So the plan today: Portobello Market, Baker Street, do a little window shopping around Soho, then fish-n-chips for dinner. 

You may have noticed Jamie rocking' new 'do. She was in her element with the fashion in London and started to experiment with her hair too. The kid's got guts, I say. And she fit right in.

We noticed this placed called Wagamama the other day and thought it looked interesting. Sort of casual semi-fast-food Asian. So we decided to check it out for lunch. I tried these mushroom fritters encrusted with panko and served on a bed of wakame, a Japanese seaweed, with a chili sauce on the side. And of course, my favorite side: edamame. Delicious! And inexpensive. They have quite a vast menu, but they specialize in noodles. You can imagine my delight when I returned to the States and found a Wagamama cookbook at Barnes & Noble. Yay for me! I'll be testing out two recipes this week and will let you know how they are.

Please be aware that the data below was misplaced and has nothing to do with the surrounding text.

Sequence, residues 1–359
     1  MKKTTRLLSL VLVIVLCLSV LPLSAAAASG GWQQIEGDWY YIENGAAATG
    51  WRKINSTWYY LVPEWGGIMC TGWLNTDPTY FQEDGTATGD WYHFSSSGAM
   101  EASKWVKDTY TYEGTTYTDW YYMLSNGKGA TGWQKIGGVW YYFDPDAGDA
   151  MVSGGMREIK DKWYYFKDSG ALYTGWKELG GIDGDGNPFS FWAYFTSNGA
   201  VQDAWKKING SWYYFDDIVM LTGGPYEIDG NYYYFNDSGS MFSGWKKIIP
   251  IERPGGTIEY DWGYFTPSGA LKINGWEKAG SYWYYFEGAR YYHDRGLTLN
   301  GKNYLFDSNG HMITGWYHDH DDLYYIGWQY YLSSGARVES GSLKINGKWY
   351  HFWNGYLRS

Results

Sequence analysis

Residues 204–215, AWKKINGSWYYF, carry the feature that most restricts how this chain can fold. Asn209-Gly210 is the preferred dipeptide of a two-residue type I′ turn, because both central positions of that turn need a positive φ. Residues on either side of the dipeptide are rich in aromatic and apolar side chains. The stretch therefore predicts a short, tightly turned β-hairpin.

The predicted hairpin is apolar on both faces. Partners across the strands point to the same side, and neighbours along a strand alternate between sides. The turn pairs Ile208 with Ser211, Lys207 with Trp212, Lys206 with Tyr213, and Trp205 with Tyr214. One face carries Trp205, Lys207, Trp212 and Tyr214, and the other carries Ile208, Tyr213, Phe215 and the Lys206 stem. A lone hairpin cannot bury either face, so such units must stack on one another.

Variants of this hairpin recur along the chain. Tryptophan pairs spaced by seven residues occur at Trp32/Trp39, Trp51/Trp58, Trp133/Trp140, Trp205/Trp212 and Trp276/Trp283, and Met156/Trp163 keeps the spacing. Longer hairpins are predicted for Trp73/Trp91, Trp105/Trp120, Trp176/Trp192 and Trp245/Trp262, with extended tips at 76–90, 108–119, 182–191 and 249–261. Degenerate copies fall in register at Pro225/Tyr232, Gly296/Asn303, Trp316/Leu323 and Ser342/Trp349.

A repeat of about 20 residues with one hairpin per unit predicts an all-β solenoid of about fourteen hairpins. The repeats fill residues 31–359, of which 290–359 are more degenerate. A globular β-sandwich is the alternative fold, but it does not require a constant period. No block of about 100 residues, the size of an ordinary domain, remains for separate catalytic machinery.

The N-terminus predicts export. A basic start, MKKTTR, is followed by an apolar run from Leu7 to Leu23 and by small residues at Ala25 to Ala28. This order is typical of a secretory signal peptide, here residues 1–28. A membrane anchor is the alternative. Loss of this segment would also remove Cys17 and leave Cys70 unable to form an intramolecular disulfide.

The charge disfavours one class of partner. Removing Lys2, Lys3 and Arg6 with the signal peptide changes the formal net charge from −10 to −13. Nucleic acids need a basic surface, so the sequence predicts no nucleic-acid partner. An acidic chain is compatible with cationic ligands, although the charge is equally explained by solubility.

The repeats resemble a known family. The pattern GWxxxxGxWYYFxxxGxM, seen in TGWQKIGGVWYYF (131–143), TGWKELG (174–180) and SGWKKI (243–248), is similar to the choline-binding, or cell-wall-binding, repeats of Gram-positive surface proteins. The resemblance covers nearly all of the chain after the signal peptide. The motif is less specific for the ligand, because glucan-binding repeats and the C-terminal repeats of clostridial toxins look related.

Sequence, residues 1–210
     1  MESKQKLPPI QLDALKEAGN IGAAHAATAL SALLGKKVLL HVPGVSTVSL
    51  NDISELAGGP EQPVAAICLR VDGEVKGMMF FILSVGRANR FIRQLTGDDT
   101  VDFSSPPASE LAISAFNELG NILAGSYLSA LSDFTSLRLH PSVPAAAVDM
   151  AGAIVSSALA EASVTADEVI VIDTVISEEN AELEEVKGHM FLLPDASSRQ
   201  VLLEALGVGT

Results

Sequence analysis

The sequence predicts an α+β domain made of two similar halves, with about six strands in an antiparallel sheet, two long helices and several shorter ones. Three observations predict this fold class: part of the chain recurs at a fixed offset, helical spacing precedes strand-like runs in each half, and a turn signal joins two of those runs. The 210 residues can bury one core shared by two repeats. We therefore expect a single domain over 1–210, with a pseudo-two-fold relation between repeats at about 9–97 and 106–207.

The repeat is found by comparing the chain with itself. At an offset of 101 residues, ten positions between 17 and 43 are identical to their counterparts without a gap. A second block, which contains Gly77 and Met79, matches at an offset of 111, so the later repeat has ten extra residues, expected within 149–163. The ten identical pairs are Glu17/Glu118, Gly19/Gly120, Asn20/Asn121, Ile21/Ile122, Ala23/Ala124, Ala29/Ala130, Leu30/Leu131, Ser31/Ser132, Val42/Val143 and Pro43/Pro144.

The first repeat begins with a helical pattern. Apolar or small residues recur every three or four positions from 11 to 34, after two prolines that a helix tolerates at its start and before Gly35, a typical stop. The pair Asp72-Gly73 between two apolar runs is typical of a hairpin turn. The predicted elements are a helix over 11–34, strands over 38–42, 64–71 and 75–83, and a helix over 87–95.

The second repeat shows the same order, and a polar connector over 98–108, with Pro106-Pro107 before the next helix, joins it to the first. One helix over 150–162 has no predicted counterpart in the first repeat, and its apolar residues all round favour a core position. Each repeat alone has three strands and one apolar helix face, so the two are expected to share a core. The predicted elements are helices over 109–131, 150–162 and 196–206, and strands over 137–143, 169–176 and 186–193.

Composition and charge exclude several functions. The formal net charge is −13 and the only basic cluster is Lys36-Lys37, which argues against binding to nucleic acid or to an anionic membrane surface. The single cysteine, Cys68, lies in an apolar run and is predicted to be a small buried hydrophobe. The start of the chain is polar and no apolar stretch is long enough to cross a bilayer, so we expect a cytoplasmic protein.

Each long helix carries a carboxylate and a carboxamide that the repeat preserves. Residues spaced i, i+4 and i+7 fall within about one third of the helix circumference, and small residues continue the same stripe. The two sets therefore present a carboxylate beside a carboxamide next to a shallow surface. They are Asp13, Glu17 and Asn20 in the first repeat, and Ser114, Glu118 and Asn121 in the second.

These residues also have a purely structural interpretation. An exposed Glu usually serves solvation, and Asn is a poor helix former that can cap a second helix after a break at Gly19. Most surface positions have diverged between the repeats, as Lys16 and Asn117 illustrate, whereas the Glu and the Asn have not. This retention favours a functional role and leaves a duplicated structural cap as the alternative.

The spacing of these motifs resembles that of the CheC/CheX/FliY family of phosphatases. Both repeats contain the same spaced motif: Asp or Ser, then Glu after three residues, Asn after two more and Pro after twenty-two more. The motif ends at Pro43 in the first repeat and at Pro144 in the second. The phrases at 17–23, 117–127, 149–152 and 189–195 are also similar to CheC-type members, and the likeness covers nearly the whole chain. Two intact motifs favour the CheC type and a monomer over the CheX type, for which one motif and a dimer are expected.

We popped into this very interesting shoe store for a few minutes after lunch. There wasn't a "normal" shoe in the place....

Of course, I looked at all the shoes like these in particular and thought to myself, "I could make these." Jamie and I both loved looking at all the fun styles.

This bunny-heeled shoe cracked me up!

And this one would be perfect for Miss Dyan Reaveley, don't you think?

After the window shopping, we hopped on the metro to Baker's Street.

Baker Street is special to Jamie and I...

221B Baker Street!  Sherlock! (We're huge fans.)

Had to snap a quickie outside the Beatles Store right next door. We didn't go inside. Just window shopped.